"The high point of the schooner development was attained in the building of Mohawk in 1875 and Ambassadress (nicknamed 'the Astor House') two years later; the underlying motive in each case seemingly being the great American idea of 'the biggest thing on earth' and 'licking all creation.'" (Traditions & Memories of American Yachting (omnibus edition), Camden, Maine, 1981) This is how William P. Stephens described the creation of Ambassadress and went on to say that Ambassadress was one of those big schooners built "merely to uphold the social positions of their owners" and, whether this was fair criticism or not, her owner was certainly one of those men at the very pinnacle of New York society.
Commissioned by no lesser person than William Astor and intended solely for cruising rather than competitive racing, Ambassadress was designed and built by David Carll in his yard at City Island, New York, in 1877. Carll already had a reputation for building those big centerboard schooners which dominated the coastal trade on the eastern seaboard so was an obvious choice for Astor's new yacht which Francis Herreshoff later described as "the largest [centerboard schooner] of them all." As modeled, she measured 146 feet and 2 inches in length (overall) with a 28 feet and 2 inch beam and an 11 feet draft, and her two masts soared 93 feet (main) and 91 feet (mizzen) respectively. With every sail set, she sported 21,125 square feet of canvas and she was constructed from a bewildering variety of indigenous American woods, notable Ohio and Connecticut white oaks, chestnut and Long Island locust. As befitted her owner's wealth, her appointments were luxurious in the extreme and a contemporary report described her lavish interior thus:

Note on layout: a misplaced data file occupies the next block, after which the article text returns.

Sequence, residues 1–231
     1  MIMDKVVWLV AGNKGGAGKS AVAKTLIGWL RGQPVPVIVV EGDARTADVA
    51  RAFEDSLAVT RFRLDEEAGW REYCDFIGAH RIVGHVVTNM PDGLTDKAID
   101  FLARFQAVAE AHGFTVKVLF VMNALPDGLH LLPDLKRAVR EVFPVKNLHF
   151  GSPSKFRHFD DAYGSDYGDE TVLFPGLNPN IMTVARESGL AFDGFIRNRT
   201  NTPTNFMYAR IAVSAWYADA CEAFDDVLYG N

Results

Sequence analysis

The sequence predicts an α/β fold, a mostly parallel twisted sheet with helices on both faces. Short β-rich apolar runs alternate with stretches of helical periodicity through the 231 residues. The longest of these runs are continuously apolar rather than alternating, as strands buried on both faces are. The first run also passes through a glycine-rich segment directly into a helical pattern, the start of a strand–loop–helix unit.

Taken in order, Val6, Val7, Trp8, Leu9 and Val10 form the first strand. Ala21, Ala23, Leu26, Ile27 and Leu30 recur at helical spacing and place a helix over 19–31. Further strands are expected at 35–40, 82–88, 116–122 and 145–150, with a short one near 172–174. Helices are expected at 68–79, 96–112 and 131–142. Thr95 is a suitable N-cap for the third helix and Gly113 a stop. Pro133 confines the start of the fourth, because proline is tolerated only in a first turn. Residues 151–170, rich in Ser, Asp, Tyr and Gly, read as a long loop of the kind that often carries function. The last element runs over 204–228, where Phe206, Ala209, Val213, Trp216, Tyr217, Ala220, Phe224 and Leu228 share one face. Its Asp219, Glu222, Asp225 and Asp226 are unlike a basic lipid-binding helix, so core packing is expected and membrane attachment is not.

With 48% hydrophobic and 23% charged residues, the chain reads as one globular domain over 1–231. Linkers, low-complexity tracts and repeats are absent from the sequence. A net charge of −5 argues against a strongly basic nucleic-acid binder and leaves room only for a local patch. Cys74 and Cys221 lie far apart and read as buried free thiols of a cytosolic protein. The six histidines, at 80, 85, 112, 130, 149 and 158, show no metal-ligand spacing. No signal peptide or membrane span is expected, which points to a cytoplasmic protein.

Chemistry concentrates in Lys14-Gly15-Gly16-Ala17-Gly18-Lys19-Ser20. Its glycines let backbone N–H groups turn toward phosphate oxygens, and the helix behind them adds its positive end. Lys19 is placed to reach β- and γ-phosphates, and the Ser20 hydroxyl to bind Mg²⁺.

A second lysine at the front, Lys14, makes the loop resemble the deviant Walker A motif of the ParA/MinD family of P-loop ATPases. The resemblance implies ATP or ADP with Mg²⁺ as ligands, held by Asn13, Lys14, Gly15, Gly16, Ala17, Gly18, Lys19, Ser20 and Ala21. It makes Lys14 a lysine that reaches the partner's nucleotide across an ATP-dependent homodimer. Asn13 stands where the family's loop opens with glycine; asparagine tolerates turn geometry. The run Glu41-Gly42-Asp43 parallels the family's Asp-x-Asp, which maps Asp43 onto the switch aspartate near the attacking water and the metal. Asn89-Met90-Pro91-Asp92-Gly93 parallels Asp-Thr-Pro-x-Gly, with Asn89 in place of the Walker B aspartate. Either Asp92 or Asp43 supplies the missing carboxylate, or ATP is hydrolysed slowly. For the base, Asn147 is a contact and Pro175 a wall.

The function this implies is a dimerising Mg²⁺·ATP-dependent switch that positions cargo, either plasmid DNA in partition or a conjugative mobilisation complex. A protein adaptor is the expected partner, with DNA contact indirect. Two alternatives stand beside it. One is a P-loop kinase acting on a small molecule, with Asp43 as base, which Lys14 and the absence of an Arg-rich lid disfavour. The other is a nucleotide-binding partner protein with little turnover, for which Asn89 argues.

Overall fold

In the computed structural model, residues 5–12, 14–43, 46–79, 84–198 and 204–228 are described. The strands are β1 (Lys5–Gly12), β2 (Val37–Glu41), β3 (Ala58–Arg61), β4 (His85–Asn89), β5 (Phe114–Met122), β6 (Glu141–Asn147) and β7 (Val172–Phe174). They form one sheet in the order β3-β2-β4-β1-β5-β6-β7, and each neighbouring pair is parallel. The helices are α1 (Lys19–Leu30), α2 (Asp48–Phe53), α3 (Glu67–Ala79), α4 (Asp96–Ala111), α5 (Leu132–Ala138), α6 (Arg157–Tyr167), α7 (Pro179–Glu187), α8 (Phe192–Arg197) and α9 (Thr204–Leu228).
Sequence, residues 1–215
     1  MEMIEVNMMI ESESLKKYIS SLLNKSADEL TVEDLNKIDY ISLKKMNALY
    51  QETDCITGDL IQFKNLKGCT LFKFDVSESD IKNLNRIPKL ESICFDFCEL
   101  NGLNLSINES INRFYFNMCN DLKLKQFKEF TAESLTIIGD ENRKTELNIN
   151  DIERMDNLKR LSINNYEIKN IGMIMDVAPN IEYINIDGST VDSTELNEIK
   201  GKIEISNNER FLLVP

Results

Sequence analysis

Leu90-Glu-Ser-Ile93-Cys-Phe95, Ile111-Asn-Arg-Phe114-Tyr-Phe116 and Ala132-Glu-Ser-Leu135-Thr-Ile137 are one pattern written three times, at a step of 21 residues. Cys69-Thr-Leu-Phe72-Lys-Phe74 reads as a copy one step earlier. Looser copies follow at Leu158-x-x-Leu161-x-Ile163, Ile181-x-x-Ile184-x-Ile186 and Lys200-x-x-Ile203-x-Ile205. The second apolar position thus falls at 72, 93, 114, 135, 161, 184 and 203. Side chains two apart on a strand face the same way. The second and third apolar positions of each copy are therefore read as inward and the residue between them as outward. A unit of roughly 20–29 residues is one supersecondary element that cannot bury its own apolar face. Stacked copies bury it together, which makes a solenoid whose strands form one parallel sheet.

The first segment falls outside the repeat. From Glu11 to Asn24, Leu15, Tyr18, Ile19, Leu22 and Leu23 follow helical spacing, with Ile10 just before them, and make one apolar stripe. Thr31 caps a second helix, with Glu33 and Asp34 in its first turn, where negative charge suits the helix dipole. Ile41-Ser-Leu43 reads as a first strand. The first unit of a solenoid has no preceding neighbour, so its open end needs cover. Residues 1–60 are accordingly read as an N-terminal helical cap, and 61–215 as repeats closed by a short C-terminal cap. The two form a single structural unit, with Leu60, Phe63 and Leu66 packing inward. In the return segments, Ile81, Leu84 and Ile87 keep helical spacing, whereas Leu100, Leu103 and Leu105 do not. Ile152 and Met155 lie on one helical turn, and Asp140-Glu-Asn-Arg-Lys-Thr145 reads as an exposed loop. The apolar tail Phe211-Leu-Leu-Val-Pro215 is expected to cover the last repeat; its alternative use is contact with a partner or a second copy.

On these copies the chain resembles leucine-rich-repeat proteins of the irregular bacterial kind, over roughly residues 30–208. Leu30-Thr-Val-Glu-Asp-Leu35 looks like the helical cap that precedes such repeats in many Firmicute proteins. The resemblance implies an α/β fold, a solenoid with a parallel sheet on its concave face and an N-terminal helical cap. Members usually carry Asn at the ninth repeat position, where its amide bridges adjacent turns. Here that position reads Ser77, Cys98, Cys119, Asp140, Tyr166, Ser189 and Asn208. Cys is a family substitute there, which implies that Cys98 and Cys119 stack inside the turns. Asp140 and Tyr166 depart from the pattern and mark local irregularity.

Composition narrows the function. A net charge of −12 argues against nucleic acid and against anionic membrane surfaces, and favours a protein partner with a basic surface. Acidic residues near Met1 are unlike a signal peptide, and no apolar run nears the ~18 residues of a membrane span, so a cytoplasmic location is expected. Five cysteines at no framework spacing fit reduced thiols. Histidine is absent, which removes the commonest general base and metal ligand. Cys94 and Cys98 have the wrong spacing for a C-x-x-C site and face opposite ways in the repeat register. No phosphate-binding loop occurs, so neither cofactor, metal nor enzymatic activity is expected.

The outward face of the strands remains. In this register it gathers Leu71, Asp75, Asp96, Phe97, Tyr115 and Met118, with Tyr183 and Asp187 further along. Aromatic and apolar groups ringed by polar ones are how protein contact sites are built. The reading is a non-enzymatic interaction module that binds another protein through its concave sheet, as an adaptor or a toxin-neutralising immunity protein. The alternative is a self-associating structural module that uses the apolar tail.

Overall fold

"The main saloon is reached by a broad mahogany stairway, and is one of the most elegant apartments that can possibly be provided on shipboard. Its dimensions are 22 by 24 feet and it is furnished in walnut, maple, mahogany and cherry; furniture of a very elaborate description in the way of sofas, lounges, chairs, sideboard, etc., in blue upholstery adorn the room. The carpet is Wilton; the mainmast from floor to ceiling is paneled with mirrors; the smoking room, aft of the saloon, is 11 by 17 feet, finished in maple and oak." This is followed by detailed descriptions of the other apartments, including the owner's stateroom, 17 by 14 feet, and the report concludes: "The judgment exhibited in the furnishing of this fine craft is most excellent, nothing violating the standard of good taste; the ornamentation, upholstery, furniture and carpeting all blending in proper contrast and effect."
Arguably less well-known than some of her famous racing contemporaries, the fabulous Ambassadress was nevertheless one of the most sumptuous American yachts ever launched and one which Buttersworth was asked to paint on at least one other occasion.